Monday, February 25, 2013

KazMunaiGas E&P: A True Bargain

Kazakhstan is a huge country that shares its borders with Russia on the North, China on the East and the Caspian Sea on the West. Despite its huge size, the country is home to only 17 million people and has a GDP of $200bn (lower than Portugal) or $12k per capita. Even so, the middle income nation has a per capita income similar to Turkey or Mexico. Supreme Chancellor Nazarbayev has been ruling the country for more than two decades and maintains strong popular support. He has been pushing Kazakhstan towards greater integration with the rest of the World.

The country was one of the last decade's hot emerging markets, with the equity market rising 26 fold between 2001 and 2007. Following the onslaught of the 2008 crisis, the four major banks were rescued and the stock market plunged by more than 75%. Now, five years later, the financial sector still faces challenges.
What caught my attention were the oil & gas reserves:  Kazakhstan is the World's 18th largest oil producer and has plenty of opportunity to grow production, as recoverable (proven) oil reserves stand at 5.5bn tons (9th on the World ranking). To put this into perspective, it would take the largest oil tanker ever built, the Norwegian Knock Nevis, about 10’000 trips to carry all the oil reserves.
One of the companies banking on these huge reserves is KazMunaiGas Exploration & Production (KMG EP). After 1991, when Kazakhstan declared itself an independent country, all the state controlled oil&gas related assets were grouped into a state controled company called National Company KazMunaiGas (NC KMG), then in 2004 KMG EP, a subsidiary of NC KMG, was created from the merger of two companies. Finally in 2006 KMG EP carried out its IPO, with NC KMG remaining a majority shareholder (2/3 stake).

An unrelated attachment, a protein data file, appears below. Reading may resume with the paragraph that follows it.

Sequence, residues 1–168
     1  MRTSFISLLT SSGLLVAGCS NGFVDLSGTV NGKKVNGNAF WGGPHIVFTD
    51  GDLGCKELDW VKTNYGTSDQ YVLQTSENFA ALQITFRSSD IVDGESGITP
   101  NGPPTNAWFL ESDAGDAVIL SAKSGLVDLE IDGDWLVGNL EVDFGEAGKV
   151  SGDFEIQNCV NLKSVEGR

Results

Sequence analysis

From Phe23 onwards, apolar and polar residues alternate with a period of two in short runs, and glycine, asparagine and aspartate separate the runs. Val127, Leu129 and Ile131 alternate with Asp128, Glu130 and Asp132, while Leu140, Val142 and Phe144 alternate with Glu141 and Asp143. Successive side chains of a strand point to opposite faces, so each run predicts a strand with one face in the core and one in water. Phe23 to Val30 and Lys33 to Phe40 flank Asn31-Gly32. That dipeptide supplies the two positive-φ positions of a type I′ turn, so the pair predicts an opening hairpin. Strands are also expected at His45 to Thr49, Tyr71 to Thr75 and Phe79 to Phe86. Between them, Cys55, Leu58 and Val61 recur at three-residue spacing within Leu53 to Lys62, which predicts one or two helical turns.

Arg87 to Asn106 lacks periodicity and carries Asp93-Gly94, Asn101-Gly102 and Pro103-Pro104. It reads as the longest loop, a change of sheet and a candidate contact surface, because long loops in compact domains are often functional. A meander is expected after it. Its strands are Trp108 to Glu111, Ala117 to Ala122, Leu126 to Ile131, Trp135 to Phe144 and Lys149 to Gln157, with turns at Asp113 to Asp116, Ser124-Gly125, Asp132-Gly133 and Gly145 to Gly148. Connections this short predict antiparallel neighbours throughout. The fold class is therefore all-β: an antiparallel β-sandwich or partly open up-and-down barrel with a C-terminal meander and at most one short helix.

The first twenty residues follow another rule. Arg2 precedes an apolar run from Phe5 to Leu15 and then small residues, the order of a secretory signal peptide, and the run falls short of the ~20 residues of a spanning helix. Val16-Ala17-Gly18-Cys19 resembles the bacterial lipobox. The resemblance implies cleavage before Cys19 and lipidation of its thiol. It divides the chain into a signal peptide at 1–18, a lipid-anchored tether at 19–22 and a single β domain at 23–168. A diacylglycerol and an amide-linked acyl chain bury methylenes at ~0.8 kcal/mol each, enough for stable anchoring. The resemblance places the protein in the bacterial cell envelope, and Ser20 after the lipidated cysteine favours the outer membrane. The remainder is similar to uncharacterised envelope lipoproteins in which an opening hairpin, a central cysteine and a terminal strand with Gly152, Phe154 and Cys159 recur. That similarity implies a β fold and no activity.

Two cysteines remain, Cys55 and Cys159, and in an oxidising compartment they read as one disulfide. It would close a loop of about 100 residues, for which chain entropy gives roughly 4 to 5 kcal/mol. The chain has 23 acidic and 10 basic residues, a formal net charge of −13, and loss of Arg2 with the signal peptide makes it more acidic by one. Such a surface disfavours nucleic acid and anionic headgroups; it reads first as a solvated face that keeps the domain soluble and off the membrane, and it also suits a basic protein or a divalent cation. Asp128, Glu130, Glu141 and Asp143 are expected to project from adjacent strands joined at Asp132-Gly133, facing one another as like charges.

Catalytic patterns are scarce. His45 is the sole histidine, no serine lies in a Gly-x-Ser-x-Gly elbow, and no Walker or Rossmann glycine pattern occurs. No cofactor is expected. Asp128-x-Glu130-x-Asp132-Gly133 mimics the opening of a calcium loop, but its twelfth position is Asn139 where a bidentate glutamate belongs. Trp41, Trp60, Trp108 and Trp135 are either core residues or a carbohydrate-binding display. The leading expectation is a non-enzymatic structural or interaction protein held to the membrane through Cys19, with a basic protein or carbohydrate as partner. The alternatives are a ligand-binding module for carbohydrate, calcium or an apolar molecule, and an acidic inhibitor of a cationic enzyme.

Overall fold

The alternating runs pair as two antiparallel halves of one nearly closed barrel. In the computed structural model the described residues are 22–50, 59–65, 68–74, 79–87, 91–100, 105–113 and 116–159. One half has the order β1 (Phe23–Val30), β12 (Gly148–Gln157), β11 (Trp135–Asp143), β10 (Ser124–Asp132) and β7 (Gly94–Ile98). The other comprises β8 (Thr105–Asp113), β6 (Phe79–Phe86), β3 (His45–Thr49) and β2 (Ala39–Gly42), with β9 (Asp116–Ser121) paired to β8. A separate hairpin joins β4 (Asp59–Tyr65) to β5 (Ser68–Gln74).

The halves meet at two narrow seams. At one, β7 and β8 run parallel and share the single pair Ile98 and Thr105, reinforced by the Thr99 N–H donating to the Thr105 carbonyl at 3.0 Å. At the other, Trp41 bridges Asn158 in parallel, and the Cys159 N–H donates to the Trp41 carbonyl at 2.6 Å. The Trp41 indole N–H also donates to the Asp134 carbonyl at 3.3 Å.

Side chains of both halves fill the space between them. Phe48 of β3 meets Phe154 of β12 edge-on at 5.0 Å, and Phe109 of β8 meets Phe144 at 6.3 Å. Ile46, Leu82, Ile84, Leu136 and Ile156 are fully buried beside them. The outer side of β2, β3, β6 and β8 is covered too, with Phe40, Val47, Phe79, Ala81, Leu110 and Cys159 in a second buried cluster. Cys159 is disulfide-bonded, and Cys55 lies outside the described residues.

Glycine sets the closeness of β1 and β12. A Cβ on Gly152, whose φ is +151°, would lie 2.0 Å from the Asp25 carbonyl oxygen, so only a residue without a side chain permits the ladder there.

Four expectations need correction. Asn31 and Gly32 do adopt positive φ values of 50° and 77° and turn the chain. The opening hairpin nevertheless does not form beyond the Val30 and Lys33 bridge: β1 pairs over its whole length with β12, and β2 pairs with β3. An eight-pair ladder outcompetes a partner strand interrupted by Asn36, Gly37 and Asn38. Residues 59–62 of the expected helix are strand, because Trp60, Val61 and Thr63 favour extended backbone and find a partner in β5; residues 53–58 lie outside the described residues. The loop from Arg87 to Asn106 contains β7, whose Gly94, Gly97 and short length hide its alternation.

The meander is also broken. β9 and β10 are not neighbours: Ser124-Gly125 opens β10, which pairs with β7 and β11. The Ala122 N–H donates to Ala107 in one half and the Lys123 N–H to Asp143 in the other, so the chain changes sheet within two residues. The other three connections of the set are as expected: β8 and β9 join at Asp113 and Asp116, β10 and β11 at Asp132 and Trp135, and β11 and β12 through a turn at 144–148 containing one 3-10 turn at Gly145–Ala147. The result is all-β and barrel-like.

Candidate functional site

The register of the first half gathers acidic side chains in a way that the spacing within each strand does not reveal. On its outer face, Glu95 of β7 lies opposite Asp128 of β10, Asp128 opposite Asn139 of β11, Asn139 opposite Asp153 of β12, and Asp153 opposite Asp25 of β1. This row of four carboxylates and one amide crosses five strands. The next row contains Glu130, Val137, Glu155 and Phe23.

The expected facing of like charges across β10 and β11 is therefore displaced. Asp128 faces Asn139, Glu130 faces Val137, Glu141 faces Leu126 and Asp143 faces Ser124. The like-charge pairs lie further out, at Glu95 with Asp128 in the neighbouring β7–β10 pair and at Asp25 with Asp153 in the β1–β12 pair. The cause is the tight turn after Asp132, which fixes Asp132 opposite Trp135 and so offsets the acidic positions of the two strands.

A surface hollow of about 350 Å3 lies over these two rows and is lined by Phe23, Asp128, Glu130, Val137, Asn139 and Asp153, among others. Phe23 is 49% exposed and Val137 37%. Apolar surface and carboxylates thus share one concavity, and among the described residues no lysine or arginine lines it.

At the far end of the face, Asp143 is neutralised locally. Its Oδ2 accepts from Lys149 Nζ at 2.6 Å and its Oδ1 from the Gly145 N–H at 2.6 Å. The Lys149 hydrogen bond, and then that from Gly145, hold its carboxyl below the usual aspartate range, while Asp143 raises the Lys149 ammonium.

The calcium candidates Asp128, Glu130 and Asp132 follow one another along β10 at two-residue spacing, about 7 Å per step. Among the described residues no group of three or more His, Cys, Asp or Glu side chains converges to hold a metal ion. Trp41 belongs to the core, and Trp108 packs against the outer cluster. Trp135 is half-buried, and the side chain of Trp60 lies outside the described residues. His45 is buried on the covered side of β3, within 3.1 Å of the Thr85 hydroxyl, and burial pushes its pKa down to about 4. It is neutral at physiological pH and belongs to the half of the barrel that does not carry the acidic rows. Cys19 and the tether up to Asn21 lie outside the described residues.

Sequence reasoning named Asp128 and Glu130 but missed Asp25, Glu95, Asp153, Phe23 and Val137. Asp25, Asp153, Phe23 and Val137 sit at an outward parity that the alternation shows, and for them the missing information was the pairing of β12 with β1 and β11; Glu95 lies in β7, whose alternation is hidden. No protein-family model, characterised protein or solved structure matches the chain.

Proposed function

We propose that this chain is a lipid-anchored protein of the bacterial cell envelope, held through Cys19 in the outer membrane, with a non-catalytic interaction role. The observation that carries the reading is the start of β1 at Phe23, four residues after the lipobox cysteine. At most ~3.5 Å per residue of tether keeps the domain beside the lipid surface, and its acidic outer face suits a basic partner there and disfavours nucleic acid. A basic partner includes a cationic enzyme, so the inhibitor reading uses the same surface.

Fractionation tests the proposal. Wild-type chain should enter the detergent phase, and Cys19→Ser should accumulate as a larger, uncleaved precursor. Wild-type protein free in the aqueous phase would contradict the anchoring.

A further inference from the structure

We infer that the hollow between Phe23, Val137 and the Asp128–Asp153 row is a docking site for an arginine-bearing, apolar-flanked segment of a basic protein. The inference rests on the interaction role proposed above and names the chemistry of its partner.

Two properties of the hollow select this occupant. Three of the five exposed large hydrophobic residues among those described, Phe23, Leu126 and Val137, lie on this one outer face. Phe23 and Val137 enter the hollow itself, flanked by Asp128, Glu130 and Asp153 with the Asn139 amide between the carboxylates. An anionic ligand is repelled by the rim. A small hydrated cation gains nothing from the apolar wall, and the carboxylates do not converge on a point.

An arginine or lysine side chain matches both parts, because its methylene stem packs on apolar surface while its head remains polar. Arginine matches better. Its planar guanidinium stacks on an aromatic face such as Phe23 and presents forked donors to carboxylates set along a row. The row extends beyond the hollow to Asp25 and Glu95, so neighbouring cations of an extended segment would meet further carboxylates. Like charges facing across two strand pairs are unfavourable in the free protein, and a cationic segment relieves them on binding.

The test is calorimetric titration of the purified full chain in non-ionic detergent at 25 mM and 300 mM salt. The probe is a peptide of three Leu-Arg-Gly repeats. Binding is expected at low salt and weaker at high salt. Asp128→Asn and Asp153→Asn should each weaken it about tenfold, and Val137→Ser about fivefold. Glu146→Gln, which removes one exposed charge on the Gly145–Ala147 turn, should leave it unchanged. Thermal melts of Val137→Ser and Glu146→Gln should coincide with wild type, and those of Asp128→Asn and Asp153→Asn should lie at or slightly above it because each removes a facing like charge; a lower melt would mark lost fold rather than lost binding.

Source: KMG EP investor day presentation

KMG EP has grown through acquisitions of exploration rights from its parent company at very favorable prices, as the later has repeatedly ceded to KMG EP the right of first refusal on transactions in hydrocarbon properties. Since the IPO production has averaged 245Kbpd and the company holds enough reserves to maintain production at current levels for 20 years.
Usually the objective of a company’s management is to maximize value for its shareholder, and KMG EP’s management has been doing just that, but not in the way you would expect. Since the state is the majority shareholder, KMG EP is plagued by bureaucracy, and is forced into projects that aim to please the people and consequently the government, not exactly the minority shareholders. Besides this, NC KMG has been borrowing money from KMG EP to finance its own projects, not exactly a good example of corporate governance. You can say that KMG EP’s management aims to maximize the value for the majority shareholder, but not exactly for the minority one.
But, as with most value investments, while the outside looks repealing, the value is on the inside, and for that some digging is needed. There are several relevant facts that make KMG EP a very attractive investment at current prices.
The company has an immaculate balance sheet, with no debt and $4.1bn in cash & equivalents, which accounts for more than half of the value market assigns to the company (market capitalization of $7.5bn).